The dust has barely settled on the August Bank Holiday, but the kids are back in school, the nights are drawing in and it’s getting noticeably colder. It got so nippy at the end of August that a poll run by our friends over at UKPower found that almost half of householders had already put the heating on.
We don’t usually ask this question until at least September, but have you put the heating on yet? 🥶
— UKPower (@ukpower) August 28, 2020
And if people are back in the office, you can bet that the thermostat will be whacked in an attempt to keep temperatures near-tropical as staff go about their work – and when the thermostat rises, your business energy bills won’t be far behind.
So here are some top tips to to help keep utility bills down as the outside temperature drops…
Top tips to cut your business energy bills this winter
Utility bills are often dwarfed by other business costs, such as wages and fuel costs for fleet cars, but it helps to cut costs wherever you can, especially if those cuts won’t have a noticeable effect on employees – so here are some small changes you can take to the workplace, that could have a big impact on your energy bill…
1. Educate Your Employees
A typical employee might not be aware of the measures used to reduce energy usage and conserve resources. Many believe that saving energy and conserving the environment is the sole duty of the government and other such non-profit organizations. You should take the time to communicate to your employees the measures you are taking to conserve energy and the environment in an effort to share the responsbility to everyone in your business.
2. Upgrade Your Office Equipment
The market today offers a wide variety in the models of computers, copy machines, printers and other types of office equipment; many of which can demand up to 90% more energy over other energy-efficient models. Replacing your office equipment with models that bear the energy star logo will ensure every product is designed to reduce and save energy.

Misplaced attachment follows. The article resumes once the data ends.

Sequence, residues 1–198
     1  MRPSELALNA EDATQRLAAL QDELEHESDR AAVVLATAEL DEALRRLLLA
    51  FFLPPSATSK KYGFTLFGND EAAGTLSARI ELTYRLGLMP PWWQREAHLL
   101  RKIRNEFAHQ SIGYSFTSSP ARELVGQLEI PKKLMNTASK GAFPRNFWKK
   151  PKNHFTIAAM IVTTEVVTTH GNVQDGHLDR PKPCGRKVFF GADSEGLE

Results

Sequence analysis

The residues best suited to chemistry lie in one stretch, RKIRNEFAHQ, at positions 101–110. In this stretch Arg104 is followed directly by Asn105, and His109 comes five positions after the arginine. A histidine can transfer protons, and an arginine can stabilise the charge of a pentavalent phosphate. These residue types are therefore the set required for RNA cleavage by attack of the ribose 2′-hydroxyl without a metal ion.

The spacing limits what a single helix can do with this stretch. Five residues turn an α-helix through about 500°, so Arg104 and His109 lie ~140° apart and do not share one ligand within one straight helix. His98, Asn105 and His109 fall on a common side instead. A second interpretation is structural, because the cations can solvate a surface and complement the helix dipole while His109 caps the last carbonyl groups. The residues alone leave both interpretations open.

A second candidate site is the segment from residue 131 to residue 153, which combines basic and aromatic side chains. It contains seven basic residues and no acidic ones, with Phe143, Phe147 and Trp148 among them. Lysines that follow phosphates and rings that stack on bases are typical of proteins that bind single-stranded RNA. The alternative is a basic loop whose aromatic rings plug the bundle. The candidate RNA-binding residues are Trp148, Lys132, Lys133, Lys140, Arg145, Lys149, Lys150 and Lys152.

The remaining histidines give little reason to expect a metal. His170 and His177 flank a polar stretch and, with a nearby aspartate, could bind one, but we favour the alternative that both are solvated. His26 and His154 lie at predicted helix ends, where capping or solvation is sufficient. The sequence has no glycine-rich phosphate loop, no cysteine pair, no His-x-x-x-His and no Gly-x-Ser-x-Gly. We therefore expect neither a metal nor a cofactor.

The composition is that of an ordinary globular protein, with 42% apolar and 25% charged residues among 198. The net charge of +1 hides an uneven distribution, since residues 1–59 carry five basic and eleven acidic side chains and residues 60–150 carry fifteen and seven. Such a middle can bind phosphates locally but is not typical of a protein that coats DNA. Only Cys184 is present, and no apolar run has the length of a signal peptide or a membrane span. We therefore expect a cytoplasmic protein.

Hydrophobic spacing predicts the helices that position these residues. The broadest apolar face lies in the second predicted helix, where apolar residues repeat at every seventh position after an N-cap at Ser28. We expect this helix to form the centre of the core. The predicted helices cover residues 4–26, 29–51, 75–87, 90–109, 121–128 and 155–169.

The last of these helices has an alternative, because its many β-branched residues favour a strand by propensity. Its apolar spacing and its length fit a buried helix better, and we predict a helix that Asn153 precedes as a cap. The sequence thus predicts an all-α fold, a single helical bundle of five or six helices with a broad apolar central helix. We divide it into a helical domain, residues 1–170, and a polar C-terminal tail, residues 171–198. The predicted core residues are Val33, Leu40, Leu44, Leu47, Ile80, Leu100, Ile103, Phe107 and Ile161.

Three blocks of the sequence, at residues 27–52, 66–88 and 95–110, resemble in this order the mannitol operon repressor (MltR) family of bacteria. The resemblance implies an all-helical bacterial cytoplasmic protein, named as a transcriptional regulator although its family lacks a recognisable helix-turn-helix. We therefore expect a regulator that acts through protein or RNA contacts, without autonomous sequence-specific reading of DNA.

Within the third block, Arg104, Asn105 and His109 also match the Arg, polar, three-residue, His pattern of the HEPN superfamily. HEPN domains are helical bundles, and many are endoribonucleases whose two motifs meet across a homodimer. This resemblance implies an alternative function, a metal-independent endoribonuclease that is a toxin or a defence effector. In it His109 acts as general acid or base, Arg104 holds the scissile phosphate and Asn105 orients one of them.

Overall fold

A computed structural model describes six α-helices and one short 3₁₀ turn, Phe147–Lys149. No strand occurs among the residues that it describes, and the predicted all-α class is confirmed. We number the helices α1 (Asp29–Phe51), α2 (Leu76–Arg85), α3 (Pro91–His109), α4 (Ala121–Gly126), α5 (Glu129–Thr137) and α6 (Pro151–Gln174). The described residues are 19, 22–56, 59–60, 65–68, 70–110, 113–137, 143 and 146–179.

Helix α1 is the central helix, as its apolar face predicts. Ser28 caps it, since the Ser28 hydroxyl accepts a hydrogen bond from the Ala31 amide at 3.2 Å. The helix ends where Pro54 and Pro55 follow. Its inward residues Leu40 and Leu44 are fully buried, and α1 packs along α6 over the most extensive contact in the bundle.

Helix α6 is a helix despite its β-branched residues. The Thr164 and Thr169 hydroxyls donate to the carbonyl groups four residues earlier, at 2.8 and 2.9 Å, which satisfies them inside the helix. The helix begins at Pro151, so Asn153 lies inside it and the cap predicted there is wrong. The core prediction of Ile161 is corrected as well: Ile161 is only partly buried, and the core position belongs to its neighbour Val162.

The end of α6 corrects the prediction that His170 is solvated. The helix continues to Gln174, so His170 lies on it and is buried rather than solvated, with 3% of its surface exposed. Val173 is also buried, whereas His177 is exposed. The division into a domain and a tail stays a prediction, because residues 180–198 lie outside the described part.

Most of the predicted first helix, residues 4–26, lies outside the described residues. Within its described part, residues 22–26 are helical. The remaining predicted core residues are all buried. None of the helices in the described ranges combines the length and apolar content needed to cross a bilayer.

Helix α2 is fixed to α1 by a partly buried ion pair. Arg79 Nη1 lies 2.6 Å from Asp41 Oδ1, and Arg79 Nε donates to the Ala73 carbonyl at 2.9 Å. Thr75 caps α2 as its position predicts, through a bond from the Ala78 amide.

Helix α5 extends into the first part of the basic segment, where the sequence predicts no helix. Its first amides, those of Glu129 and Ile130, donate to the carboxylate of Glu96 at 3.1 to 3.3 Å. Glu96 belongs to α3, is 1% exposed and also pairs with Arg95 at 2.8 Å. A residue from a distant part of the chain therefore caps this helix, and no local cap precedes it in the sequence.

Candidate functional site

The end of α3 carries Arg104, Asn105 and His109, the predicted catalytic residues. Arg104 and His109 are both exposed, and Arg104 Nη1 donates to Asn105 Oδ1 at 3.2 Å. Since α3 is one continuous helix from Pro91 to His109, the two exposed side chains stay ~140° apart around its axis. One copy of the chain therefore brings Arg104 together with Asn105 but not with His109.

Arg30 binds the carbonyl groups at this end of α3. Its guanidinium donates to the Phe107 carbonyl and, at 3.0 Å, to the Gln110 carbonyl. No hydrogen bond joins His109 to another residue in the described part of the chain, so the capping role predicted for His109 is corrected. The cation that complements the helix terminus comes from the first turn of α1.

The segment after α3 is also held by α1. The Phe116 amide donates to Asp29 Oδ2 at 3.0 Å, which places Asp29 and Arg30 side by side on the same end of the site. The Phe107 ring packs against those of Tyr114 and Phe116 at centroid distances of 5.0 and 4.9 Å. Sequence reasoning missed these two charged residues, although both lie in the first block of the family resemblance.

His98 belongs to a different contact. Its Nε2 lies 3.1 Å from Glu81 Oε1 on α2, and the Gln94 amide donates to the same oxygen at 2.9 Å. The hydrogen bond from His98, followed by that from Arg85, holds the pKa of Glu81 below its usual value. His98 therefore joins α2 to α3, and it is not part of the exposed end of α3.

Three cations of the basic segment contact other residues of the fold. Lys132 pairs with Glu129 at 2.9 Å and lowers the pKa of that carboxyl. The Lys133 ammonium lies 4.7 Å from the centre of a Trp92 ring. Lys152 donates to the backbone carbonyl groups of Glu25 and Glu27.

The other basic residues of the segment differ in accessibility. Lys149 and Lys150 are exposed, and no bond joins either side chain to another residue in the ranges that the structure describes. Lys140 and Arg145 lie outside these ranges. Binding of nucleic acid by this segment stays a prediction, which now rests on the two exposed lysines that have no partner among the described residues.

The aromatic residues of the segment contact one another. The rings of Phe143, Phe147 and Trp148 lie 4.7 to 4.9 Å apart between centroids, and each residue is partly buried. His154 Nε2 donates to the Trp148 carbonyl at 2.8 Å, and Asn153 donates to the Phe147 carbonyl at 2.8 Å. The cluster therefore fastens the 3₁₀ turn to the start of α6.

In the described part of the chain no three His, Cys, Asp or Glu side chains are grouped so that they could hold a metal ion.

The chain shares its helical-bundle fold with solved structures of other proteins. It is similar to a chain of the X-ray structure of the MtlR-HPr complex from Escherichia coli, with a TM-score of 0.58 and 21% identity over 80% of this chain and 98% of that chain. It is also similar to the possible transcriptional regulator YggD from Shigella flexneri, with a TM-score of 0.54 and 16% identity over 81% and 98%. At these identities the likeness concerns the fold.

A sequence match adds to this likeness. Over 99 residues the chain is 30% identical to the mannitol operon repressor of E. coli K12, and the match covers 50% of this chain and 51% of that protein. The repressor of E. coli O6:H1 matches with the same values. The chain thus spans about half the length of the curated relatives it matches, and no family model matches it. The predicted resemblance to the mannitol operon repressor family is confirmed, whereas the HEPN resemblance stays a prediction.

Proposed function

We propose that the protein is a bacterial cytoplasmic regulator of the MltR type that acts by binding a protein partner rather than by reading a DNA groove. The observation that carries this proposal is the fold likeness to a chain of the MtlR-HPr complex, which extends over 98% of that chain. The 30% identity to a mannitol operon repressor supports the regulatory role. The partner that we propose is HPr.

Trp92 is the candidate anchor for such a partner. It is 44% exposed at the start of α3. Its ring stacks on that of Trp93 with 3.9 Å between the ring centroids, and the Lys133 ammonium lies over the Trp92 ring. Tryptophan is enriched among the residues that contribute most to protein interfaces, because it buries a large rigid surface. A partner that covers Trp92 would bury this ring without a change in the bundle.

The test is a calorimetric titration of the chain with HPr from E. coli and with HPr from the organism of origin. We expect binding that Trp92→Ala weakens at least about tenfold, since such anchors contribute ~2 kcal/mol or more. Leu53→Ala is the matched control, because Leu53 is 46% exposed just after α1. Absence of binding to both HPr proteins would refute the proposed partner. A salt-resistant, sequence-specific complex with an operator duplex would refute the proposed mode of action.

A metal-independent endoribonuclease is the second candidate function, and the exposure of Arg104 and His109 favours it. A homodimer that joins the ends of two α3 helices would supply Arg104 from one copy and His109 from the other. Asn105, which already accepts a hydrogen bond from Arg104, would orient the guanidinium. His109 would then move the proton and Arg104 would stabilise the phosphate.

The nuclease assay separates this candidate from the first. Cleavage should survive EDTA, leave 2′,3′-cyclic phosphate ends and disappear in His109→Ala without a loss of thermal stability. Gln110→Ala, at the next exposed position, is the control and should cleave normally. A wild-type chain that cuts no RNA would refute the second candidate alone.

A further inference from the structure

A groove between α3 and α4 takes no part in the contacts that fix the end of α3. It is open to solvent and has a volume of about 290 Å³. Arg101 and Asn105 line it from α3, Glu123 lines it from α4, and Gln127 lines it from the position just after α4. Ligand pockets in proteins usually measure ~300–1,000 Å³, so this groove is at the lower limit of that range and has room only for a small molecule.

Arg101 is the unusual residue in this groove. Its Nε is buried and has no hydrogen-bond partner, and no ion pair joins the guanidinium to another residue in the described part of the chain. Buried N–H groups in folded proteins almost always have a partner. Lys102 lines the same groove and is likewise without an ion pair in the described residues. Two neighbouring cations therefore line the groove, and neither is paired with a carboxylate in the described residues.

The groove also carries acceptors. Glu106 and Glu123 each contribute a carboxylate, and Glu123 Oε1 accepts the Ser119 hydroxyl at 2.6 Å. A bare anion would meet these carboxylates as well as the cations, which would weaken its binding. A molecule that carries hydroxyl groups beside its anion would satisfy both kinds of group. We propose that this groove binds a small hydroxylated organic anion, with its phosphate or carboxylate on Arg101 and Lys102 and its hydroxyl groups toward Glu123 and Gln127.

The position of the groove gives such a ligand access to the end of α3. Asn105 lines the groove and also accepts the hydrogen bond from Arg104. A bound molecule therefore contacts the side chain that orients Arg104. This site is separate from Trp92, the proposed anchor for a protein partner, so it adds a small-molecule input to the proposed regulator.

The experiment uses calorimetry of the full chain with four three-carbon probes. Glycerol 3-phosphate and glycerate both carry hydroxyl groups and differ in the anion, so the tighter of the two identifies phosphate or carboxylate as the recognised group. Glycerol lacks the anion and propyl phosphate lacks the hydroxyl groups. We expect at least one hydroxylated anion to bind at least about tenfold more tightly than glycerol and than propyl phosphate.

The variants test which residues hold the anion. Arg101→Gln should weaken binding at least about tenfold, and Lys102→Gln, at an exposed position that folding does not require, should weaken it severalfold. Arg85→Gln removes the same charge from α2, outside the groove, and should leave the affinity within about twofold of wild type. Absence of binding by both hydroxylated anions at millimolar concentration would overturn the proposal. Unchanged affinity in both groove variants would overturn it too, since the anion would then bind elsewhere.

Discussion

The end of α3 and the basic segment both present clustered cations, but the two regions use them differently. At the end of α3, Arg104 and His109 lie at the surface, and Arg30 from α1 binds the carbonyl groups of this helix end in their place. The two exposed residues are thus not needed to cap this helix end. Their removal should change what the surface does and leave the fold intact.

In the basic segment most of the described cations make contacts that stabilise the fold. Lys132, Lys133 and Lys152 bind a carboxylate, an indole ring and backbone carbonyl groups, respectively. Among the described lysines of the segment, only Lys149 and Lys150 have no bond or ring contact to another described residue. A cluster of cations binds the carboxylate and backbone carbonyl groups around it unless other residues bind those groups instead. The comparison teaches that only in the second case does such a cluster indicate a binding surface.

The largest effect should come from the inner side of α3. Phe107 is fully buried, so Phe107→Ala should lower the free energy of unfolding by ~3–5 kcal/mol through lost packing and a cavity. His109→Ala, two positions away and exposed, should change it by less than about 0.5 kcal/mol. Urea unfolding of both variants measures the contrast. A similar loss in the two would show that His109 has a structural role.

3. Use Electricity Only When Required
It is your duty to make sure that light bulbs and other appliances are turned off when not in use. It is a common sight to see bulbs, fans, AC’s, printers and computers left on in an office environment – even when there’s nobody in the room.
You can enforce your green policies with security cameras to reward or penalize the employees for their responsible or irresponsible behavior.
4. Maximize The Use Of Daylight
Design your office interiors to maximise the use of natural light. Try increasing the use of your largest glass windows and high ceilings to allow the maximum amount of sunlight in. This will also have the added benefit of increasing productivity by up to four time according to recent studies.
5. Choose Cubicles Over Rooms
Lighting and heating can be easily shared in cubicles; however every room requires individual heating and lighting source, which can ultimately increase energy consumption.
6. Make Use Of LED Or Compact-Fluorescent (CFL) Lights
Though the purchase price of both LED’s and CFL’s is higher when compared to the standard incandescent bulbs, they’re still preferred for their energy efficiency and longer shelf life. Both of these bulbs can comfortably replace traditional incandescent bulb and save around £120 per bulb.
7. Choose Solar Energy
Solar energy is great for generating power which can be used to heat water, light the workplace stations and better still, you can even charge your phones and other handheld devices.
8. Let staff work from home
If employees aren’t in the office, they aren’t using energy – so offering them the chance to work from home on certain days can help cut costs considerably. It can also improve morale and productivity. Staff need to be able to work as efficiently at home as they do in the office, so set up a virtual private network (VPN) to allow them to securely connect to work servers, as well as a reliable conference call service so all meetings can be held remotely.
Have you got any money saving tips? Let us know in the comments section below…